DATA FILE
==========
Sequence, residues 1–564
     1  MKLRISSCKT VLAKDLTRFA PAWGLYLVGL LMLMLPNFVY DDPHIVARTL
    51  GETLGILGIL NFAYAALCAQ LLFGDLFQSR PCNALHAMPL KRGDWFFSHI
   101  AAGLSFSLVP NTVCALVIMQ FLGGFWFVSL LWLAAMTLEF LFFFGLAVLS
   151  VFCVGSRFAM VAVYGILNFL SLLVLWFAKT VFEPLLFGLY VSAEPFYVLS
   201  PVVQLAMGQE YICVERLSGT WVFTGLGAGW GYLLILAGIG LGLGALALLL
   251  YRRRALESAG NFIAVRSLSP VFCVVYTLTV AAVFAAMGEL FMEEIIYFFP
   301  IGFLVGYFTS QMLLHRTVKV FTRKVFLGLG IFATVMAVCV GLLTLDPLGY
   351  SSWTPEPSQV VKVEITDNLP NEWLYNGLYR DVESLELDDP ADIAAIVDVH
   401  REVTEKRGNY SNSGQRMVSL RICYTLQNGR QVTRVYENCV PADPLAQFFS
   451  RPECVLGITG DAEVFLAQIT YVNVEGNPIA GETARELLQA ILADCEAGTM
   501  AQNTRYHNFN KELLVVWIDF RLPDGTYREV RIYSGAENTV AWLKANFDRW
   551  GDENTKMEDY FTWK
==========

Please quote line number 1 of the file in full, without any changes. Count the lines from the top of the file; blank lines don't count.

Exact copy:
Sequence, residues 1–564